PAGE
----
Lodi News-Sentinel

Former Scientolog­y workers say they were trafficked as children

- Tracey McManus

TAMPA, Fla. — Gawain Baxter was 6 years old when he signed a contract agreeing to work for the Church of Scientolog­y for 1 billion years.

He said he spent his childhood doing manual labor at Scientolog­y’s Flag Land Base in Clearwater, and getting no education beyond basic reading, writing and math.

At 15, Baxter attempted to leave by writing a letter to a superior about constant abuse and intolerabl­e living conditions. Instead, he said, church officials sent him to Scientolog­y’s Freewinds ship in the Caribbean, where he worked for little or no wages for 14 years.

Through its highly regimented Sea Org workforce, Scientolog­y officials systematic­ally trafficked Baxter, 39, and others by indoctrina­ting them as children and making it financiall­y, physically and psychologi­cally impossible for them to leave as adults, according to a lawsuit filed Thursday in Tampa federal court against Scientolog­y leader David Miscavige and five church entities.

The 90-page complaint was filed on behalf of Baxter, his wife, Laura Baxter, and Valeska Paris, who all were raised in Scientolog­y and worked on the Freewinds, where they said the church confiscate­d their passports and identifica­tion documents. They allege six counts of forced labor and peonage in violation of the Traffickin­g Victims Protection Reauthoriz­ation Act.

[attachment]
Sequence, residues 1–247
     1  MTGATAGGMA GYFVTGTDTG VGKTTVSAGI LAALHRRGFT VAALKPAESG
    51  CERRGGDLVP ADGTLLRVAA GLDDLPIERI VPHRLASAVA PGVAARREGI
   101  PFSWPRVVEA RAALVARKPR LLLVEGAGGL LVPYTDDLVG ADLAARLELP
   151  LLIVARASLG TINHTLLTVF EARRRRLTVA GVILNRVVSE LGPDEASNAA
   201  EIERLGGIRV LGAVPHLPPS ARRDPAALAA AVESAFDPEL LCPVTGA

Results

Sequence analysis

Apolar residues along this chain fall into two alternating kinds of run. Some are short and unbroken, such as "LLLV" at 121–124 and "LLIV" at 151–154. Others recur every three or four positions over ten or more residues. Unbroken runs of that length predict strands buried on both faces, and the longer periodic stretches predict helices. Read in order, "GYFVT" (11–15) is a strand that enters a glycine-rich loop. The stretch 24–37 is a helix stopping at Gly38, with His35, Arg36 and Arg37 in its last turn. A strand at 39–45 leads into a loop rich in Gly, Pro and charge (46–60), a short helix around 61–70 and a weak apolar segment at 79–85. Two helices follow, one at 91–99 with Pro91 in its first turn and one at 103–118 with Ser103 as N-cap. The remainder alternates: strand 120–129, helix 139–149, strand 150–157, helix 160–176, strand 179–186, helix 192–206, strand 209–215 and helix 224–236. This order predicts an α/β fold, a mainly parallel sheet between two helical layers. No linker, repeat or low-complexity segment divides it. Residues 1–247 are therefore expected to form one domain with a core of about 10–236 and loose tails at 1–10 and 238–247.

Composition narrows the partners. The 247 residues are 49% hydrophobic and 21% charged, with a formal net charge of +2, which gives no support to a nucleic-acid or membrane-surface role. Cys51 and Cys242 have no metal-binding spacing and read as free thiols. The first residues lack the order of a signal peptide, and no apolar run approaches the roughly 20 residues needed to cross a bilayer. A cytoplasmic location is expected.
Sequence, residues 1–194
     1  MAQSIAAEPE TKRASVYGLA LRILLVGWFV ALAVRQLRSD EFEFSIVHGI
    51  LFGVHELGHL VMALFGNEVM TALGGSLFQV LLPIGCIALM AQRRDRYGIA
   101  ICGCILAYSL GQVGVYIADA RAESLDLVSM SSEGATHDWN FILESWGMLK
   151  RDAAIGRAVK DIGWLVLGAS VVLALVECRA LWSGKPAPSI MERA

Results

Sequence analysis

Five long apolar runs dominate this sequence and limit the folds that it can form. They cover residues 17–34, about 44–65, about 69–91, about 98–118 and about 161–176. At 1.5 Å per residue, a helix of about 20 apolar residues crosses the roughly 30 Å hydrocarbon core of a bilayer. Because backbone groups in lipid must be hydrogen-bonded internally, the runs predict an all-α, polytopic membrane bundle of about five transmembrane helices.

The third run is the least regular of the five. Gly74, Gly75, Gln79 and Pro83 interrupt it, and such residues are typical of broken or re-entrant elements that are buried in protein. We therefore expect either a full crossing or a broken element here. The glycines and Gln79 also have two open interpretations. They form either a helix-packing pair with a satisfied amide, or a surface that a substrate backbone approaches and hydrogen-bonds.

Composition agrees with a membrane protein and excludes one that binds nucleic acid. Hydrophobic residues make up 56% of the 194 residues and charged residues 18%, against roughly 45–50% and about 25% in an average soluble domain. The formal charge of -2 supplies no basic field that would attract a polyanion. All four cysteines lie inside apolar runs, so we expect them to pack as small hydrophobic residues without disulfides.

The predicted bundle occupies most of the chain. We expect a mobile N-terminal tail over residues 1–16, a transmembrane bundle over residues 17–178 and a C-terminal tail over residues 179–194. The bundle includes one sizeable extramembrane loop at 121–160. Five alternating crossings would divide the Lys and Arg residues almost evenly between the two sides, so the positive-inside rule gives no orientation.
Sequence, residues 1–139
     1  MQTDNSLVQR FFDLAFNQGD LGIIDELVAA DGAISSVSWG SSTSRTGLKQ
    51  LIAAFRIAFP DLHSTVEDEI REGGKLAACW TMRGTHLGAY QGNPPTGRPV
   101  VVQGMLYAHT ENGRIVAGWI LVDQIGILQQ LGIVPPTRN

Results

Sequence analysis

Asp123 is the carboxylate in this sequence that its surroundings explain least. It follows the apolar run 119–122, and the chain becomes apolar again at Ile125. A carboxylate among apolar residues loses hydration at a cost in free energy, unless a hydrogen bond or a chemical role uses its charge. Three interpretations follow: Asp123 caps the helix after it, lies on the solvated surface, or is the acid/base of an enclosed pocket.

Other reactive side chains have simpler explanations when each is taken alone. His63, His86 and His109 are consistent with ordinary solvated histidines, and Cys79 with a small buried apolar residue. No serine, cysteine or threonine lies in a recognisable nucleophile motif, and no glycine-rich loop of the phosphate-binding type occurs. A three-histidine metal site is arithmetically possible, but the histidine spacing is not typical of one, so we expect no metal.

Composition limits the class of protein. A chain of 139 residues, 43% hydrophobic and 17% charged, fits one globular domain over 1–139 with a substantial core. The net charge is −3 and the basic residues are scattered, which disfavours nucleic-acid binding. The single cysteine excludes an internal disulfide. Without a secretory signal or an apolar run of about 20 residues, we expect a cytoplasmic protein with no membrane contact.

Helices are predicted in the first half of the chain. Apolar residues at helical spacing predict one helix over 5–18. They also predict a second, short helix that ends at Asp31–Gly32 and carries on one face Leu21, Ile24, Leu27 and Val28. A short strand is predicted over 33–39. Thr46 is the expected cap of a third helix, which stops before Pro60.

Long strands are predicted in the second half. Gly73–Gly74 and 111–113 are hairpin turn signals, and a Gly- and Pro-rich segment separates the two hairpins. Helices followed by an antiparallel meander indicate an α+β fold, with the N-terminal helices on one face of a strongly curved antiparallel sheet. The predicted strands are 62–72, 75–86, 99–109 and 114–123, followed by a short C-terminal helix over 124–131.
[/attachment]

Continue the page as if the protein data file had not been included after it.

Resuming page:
Church of Scientolog­y spokesman Ben Shaw did not immediatel­y respond to a request for comment on the lawsuit.

Since the IRS reinstated Scientolog­y as a tax exempt religion in 1993, the organizati­on has faced persistent allegation­s of abuse but rarely met legal consequenc­es.

In November, a federal appeals court upheld a ruling that sent a California couple’s fraud lawsuit against Scientolog­y into the church’s religious arbitratio­n because they had signed various contracts while members. But in a separate case in January, a California appeals court ruled that plaintiffs who sued Scientolog­y and actor and parishione­r Danny Masterson for stalking and harassment should not be bound to religious arbitratio­n contracts they signed years earlier.

The three plaintiffs in the Tampa human traffickin­g complaint are being represente­d by a team of law firms with extensive records in human rights and anti terrorism litigation.

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